Melanie Plenda at The Atlantic Education recently described a new trend in American education that shows promise to attract strong student attention and help engage long term memory: Gamification.
The idea of turning learning into games that students play is not new, but some of the research surrounding it is, as is the idea of completely integrating the game model into the entire makeup of the class. One of the biggest proponents of gamification is Lee Sheldon, an associate professor at Renssalear Polytechnic Institute’ Games and Simulations Arts and Sciences Program. When he began as a professor at RPI, he taught in the traditional lecture fashion.
“I got bored very quickly with myself,” he says. “If I was getting bored, you can imagine how the students were feeling. I thought, ‘Well, you dummy, you’re a game designer. Why don’t you make the entire class into a game?’ So I did that and things went really well.”
Another proponent of the gamification model is Joey Lee, a research assistant professor of Technology and Education at Teacher’s College, Columbia University. He says, “The goal is to change the student’s mindset to a mastery orientation—to promote motivation, engagement, active learning—and to cultivate 21st century skills like collaboration, problem solving, creativity and systems thinking. Learning looks very different today, so we need to move away from the Industrial Revolution one-size-fits-all model that still plagues much of education.”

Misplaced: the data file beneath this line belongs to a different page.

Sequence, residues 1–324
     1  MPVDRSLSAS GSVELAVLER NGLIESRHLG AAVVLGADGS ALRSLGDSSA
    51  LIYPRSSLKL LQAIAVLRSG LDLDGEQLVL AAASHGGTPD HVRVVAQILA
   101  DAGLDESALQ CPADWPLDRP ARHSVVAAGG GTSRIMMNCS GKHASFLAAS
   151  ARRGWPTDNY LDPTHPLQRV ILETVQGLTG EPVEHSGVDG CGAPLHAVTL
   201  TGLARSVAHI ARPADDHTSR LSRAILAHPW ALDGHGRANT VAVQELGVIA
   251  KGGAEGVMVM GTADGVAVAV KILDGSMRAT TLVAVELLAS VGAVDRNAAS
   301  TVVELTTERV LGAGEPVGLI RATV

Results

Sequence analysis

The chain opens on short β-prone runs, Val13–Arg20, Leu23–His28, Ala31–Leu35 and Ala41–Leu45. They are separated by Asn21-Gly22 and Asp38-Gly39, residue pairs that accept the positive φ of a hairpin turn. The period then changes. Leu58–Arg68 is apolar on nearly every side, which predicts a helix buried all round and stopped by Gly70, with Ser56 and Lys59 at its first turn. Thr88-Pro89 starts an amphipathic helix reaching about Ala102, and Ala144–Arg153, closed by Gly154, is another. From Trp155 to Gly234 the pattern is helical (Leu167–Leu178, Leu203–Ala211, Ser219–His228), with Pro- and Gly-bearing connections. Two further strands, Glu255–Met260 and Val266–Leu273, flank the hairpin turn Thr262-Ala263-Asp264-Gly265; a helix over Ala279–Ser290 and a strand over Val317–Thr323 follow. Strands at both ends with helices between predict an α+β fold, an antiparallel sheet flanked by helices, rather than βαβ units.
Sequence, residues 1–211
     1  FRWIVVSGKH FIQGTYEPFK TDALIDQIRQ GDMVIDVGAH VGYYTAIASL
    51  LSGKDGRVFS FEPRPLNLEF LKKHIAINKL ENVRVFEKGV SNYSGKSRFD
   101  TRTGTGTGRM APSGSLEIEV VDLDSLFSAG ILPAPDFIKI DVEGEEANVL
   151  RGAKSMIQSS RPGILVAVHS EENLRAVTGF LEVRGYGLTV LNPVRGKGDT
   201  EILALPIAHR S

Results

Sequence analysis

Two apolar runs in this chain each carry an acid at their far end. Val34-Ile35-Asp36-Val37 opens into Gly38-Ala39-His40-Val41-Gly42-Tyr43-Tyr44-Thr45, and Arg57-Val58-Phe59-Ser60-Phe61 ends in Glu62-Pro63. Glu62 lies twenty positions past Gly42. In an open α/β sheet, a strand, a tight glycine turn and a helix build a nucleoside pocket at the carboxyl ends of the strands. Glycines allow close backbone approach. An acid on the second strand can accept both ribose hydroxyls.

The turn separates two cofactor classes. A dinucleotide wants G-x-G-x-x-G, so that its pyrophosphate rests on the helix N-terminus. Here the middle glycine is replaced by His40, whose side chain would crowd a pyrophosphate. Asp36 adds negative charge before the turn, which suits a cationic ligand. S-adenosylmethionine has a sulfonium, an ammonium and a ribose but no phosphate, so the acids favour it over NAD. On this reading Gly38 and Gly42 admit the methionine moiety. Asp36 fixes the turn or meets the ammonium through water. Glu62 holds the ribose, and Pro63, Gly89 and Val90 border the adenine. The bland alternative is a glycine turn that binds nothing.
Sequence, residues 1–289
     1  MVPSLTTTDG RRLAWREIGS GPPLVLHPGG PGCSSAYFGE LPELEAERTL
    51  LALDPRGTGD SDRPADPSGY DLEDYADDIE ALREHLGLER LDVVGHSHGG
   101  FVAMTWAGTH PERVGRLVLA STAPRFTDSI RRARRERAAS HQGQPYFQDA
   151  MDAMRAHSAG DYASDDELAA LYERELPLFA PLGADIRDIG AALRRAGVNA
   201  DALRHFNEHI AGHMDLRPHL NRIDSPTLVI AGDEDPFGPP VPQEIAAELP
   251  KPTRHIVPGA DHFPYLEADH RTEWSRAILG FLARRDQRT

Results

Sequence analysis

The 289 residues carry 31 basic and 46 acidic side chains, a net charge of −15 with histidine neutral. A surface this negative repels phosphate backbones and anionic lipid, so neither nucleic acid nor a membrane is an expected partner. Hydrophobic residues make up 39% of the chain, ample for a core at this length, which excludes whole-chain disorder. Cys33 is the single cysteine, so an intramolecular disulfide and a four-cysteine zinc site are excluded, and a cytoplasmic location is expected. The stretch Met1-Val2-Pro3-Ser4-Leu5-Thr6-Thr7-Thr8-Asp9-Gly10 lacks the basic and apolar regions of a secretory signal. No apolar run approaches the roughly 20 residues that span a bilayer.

Most gamified classrooms, although at this point there is much diversity within gamification, function under a system where students gain experience points (xp), which translate into grades but are more favorable at showing student progress. Another common feature is group problem solving.
Overall, one of the great benefits of the gamification model, if it is done well, is that the “incentives” or “rewards” are built into the system. In other words, what students get for success on one element of the game or one project is the chance to move forward into a new, more challenging aspect of the game, which is also of course the academic content of the class. This way, the real reward is learning, not just badges for completing tasks.
See the article in The Atlantic:
Following is a link to a more scholarly article about gamification (simply click on where it says “view raw”): https://github.com/papers-we-love/papers-we-love/blob/master/gamification/gamification-in-education-what-how-why-bother.pdf